And then "Perfessor" Bill Edwards, the 1991 Reg Division titleholder who aced the New Rag Contest in 2001 and 2002, capped off the first half of the 2012 OTPP preliminary competition by gliding through "Egyptian Glide" and "Hungarian Dance #5." (By the'd you like him and Adam S. in "The Entertainers?" How'd you like Faye in that documentary?)

Toward the end of that movie, Faye said she was going to scare the stuff (my word) out of people with her love of- and enthusiasm for- the OTPP.

And thus far, with the office systems specialist from Champaign, IL in there as contest coordinator, the OTPP ride was still wonderful...still groovy.

Well, an hour after the computer programer/ragtime historian from Ashburn, VA hit the final notes of "Hungarian Dance #5," Spencer Andrews (this year's third JD'er) came up to put Moby Dink through its paces. His selections were "Tiger Rag" and "The Midnight Fire Alarm."

Then Ethan Uslan strode onto the stage...and really took ol' Weber for a ride. (How'd you like him in the first documentary to zero in on an event that was initially held outdoors and was initially attended by forty people?)

This time, the New Jerseyite-turned-North Carolinian's fuel consisted of "With a Song in My Heart" and "Nina from Palestina."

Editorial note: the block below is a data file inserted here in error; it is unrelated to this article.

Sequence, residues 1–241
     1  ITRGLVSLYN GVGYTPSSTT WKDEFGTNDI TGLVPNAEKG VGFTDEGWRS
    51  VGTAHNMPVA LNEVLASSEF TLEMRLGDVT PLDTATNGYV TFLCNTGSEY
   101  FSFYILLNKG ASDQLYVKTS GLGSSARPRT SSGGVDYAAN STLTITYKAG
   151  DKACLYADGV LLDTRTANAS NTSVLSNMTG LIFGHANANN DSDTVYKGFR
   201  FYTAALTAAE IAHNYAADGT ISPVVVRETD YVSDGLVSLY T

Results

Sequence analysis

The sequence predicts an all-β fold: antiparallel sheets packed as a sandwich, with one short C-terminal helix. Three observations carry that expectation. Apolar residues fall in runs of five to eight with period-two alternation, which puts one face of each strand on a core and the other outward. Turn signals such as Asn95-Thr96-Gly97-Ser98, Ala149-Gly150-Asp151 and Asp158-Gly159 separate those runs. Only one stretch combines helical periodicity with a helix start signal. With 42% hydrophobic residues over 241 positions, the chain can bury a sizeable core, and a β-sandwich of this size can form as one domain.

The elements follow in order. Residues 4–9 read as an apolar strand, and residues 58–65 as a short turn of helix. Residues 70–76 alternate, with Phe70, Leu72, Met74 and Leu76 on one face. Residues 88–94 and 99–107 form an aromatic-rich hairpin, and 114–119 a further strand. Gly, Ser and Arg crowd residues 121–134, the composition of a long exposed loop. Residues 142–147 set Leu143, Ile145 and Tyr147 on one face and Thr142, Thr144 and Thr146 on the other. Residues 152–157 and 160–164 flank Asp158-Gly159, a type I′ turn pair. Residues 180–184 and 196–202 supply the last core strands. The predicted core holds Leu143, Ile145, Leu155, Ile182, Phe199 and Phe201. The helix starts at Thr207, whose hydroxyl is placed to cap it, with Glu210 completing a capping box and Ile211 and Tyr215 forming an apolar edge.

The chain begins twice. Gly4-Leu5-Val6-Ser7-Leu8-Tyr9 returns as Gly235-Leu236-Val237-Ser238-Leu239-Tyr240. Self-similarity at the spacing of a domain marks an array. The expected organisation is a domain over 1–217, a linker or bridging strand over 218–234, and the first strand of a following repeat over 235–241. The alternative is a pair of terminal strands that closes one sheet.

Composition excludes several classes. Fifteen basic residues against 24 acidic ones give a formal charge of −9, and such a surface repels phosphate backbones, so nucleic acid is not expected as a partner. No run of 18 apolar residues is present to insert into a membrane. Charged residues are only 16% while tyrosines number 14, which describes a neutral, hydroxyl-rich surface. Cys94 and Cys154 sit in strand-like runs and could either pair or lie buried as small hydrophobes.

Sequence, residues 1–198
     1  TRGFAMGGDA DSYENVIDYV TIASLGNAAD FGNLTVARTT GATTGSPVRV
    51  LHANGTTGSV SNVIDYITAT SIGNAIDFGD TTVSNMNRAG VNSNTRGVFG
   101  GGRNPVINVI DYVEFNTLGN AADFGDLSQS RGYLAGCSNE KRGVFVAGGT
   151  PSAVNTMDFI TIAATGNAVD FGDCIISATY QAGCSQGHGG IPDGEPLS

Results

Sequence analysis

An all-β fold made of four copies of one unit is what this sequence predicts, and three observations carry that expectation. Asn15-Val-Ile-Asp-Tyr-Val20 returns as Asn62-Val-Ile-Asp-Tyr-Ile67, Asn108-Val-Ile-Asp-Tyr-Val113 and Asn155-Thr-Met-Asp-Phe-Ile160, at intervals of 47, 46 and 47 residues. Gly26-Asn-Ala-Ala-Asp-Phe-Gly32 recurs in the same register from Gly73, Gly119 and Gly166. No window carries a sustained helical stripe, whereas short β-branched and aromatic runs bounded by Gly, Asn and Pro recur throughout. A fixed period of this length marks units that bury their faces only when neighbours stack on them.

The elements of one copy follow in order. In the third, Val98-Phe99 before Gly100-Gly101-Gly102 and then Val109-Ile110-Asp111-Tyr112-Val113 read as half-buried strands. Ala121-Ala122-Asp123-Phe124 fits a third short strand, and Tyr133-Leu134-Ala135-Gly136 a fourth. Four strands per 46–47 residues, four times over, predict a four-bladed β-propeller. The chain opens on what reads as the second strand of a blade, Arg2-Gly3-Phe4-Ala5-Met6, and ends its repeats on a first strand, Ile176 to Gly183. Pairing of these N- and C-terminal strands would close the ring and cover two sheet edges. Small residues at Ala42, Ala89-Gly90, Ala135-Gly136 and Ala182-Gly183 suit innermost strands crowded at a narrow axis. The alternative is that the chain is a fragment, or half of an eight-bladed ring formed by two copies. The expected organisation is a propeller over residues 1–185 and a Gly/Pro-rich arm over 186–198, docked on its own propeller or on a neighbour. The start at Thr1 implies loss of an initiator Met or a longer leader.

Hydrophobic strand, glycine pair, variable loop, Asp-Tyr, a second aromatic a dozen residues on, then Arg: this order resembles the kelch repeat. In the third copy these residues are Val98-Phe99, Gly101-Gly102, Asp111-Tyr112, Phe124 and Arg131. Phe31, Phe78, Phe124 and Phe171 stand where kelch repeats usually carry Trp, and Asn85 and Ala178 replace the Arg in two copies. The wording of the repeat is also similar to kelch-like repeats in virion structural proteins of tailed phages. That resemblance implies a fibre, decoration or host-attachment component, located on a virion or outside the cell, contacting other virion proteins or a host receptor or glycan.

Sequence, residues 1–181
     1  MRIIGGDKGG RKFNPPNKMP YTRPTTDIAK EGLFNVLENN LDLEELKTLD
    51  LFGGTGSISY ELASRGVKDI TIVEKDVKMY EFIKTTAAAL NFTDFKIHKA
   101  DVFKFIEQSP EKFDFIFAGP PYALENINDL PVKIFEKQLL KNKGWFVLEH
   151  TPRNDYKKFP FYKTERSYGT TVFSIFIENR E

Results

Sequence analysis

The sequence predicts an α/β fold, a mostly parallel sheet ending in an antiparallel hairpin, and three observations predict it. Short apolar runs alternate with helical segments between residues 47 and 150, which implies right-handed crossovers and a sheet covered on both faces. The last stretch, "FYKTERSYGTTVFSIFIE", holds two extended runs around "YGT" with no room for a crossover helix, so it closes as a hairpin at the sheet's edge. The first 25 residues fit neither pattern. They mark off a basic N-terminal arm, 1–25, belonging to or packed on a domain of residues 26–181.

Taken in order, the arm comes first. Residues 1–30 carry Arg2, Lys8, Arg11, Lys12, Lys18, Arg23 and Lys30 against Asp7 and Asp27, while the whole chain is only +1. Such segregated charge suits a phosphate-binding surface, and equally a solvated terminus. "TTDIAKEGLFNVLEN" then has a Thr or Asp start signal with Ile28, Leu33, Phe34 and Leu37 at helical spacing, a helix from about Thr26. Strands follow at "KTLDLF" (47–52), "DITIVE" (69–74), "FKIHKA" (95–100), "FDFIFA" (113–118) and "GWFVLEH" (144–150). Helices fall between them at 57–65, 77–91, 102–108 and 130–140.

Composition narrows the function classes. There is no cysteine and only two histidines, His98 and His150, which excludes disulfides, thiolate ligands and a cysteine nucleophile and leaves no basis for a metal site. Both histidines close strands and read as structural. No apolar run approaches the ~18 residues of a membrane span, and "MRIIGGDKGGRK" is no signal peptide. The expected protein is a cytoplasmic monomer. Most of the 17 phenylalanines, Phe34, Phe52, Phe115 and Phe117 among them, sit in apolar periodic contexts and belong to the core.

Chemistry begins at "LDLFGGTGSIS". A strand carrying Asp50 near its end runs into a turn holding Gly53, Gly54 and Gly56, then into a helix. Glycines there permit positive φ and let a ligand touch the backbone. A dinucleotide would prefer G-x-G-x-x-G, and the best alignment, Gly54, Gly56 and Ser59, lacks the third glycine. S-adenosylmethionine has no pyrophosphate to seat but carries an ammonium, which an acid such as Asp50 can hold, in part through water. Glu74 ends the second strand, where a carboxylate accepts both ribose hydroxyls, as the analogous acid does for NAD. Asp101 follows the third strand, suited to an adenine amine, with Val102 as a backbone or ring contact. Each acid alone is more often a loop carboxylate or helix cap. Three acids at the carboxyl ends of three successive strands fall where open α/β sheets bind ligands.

Another thing about the contest's history is that the first five championships went to women. (Joybelle Squibb won it all in 1975 and 1976...only to see Dorothy Herrold knock it out of the park in 1977, 1978, and 1979. Dorothy- that teacher from La Porte, IN- decided to retire from competition after her '79 win to give other pianists a chance to get the title.)

By 1984, six of the first ten OTPP titles were won by women; that year, Illinoisan Janet Kaizer ended the three-year reign of another performer from the Land of Lincoln, Mark Haldorson...and inaugurated her own two-year stay at the top of old-time piano. (Janet had company in 1985...the first year contest organizers offered a junior championship. Before Neil Moe started his own three-year stint as the best JD performer, pianists in all age groups went after one title.)